The burial ground was in use between 1753-1845 AD by the Newcastle Infirmary (founded in 1751 and opened in 1753). Installations of infirmaries such as this in the large industrial centres of the 18th-19th centuries arose from a philanthropic movement to provide medical care to the ‘deserving poor’. Newcastle Infirmary in particular was formed for ‘The Sick and Lame Poor’ of the counties of Northumberland and Durham, and admittance was normally governed by letter of recommendation (Nolan 1998, 36). Patients with a variety of conditions could be admitted to the Infirmary for treatment (a large number resulting from accidental injury), but the exclusion list was also lengthy, and included pregnant women, children under seven years of age, the insane, and those suffering from infectious and incurable disorders. From 1830 the Infirmary also took on the functions of a nearby charitable institution that cared for prostitutes.

    Considering the context of the site, it is not surprising that a large number of individuals recovered during excavation exhibited significant cases of skeletal pathologies. Examples included numerous fractures, cranial trauma, amputations (without evidence of healing), evidence for autopsy and dissection, as well as instances of metabolic disease, evidence for non-specific infection, and possible specific infections such as tuberculosis and syphilis.

    While only a proportion of the original excavated assemblage remains within the Department of Archaeology, University of Sheffield, they are still representative of a unique collection of Infirmary patients from a northern-based institution. Historical documentation from the time (in the form of infirmary burial registers, and admissions and discharge books), the original skeletal reports, and the current assemblage housed at Sheffield combined form an important resource for the study of medical/surgical interventions, infirmary admittance strategies, and general health and disease in the 18th-19th centuries.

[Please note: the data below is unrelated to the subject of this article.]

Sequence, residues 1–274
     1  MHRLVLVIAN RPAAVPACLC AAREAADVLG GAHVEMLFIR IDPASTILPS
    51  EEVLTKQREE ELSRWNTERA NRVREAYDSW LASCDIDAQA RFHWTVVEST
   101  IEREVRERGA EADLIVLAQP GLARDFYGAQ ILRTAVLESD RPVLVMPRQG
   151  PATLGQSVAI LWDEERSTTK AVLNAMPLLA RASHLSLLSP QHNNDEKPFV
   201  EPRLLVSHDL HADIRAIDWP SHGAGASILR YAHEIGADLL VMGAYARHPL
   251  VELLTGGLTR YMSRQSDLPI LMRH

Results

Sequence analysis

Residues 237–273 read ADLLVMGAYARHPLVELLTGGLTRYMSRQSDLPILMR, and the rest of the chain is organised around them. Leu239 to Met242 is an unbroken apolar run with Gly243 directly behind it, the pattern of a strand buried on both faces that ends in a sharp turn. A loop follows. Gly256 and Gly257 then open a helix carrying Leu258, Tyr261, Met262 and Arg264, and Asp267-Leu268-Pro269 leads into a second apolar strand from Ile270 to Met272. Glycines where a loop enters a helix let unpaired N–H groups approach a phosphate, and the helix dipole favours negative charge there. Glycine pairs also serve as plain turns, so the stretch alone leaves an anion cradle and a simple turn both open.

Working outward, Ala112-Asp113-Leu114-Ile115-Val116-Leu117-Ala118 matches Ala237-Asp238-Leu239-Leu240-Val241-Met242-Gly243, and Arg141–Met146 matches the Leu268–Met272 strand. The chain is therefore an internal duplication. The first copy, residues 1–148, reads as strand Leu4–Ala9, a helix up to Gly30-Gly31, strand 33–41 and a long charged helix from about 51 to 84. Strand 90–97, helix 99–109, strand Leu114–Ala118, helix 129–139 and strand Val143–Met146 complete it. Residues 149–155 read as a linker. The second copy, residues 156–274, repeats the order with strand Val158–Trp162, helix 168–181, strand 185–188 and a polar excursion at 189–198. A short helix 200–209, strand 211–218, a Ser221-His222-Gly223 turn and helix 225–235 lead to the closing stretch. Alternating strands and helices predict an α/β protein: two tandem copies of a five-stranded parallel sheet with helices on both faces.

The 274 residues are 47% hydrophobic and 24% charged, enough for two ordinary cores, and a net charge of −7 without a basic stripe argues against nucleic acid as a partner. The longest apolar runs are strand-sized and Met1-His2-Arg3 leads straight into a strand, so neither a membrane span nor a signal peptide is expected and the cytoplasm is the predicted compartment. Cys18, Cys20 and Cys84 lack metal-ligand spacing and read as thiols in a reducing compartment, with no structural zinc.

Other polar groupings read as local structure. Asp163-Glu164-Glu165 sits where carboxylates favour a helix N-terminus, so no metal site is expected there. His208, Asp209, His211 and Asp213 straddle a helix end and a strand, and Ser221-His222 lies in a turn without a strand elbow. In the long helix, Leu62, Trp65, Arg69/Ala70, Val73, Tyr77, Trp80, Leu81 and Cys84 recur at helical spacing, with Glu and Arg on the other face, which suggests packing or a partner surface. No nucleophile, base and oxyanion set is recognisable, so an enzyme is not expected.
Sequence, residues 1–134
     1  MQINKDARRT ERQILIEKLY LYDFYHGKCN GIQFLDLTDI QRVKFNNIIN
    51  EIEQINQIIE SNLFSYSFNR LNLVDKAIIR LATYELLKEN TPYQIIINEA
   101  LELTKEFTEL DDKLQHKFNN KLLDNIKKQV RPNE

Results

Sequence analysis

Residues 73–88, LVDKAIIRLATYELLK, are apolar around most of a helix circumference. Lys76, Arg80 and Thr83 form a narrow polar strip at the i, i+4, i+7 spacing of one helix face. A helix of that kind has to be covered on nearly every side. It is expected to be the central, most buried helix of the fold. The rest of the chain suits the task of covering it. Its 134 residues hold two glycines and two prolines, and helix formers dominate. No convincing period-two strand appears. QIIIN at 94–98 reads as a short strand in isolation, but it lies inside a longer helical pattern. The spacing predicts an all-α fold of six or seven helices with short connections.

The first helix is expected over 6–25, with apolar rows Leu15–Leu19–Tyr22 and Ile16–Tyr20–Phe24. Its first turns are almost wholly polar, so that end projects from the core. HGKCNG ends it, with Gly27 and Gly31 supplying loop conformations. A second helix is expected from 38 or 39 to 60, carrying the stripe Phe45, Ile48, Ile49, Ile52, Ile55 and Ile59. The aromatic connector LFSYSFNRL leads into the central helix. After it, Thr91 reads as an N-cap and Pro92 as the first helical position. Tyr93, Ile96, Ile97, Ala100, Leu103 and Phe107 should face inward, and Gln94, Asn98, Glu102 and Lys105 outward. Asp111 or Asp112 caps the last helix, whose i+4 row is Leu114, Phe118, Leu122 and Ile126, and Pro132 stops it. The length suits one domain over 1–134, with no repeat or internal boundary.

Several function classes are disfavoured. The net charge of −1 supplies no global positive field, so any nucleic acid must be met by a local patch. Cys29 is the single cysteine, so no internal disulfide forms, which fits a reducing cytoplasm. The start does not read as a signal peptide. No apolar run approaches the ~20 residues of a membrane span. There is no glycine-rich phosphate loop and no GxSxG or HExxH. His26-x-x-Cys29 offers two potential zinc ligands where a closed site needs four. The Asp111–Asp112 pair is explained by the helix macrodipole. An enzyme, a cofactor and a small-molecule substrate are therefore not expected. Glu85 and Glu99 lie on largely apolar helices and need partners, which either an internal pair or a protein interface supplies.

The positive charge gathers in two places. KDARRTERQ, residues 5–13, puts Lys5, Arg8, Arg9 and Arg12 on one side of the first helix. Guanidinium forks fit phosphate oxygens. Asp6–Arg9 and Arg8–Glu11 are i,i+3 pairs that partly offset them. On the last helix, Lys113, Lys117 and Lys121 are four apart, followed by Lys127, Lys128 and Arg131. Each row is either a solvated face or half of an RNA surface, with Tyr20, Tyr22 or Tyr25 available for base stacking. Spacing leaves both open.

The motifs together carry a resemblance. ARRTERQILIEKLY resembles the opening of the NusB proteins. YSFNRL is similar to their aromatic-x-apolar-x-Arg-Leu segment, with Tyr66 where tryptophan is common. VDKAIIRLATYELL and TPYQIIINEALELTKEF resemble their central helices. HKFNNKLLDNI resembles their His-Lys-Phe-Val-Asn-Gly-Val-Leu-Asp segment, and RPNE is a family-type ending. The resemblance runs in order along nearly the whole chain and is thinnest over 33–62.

• Nolan, J. 1998. The Newcastle Infirmary at the Forth, Newcastle upon Tyne. Volume I. The archaeology and history. Northern Counties Archaeological Services.
    • Boulter, S, Robertson, D.J., and Start, H. The Newcastle Infirmary at the Forth, Newcastle Upon Tyne. The Osteology: People, Disease and Surgery. Archaeological Research & Consultancy at the University of Sheffield. Series in Historical Archaeology.

    Carver Street, Methodist Chapel, Sheffield

    • c.19th century skeletal collection
    • Excavated from the Carver Street Methodist Chapel burial ground in Sheffield city centre
    • Non-conformist burial ground
    • 106 individuals (74 adult, 32 immature)
    • Evidence for coffined burials
    • Burial registers (1806-1855) held at Sheffield City Archive

    More information 

    The Carver Street Methodist chapel (now converted into a public house) was built in 1805, and located in the heart of Sheffield city centre. Excavations ahead of its conversion took place in 1999, resulting in the recovery of 106 individuals (74 adult, 32 immature) with coffins, fittings, and other finds, and a large quantity of disarticulated skeletal material.

    This Wesleyan Methodist chapel served a large congregation in Sheffield in the 19th century, and was the primary location for non-conformist burials in the city. Its records indicate that burials likely took place from 1806-1855, with an estimated 1,600 individuals interred in its grounds. Like many non-conformist cemeteries from this time, it is likely that the burial population consisted of a mix of middle to low status individuals.

    Skeletal collections from 19th century northern industrial centres are relatively rare compared to their southern counterparts; therefore the Carver Street collection provides valuable insight into England’s industrial communities.


    • McIntyre, L. and Willmott, H. 2003. Excavations at the Methodist Chapel, Carver Street, Sheffield. ARCUS 507

    The Parish Church of St Mary and St Lawrence, Bolsover

    • Parish church burial ground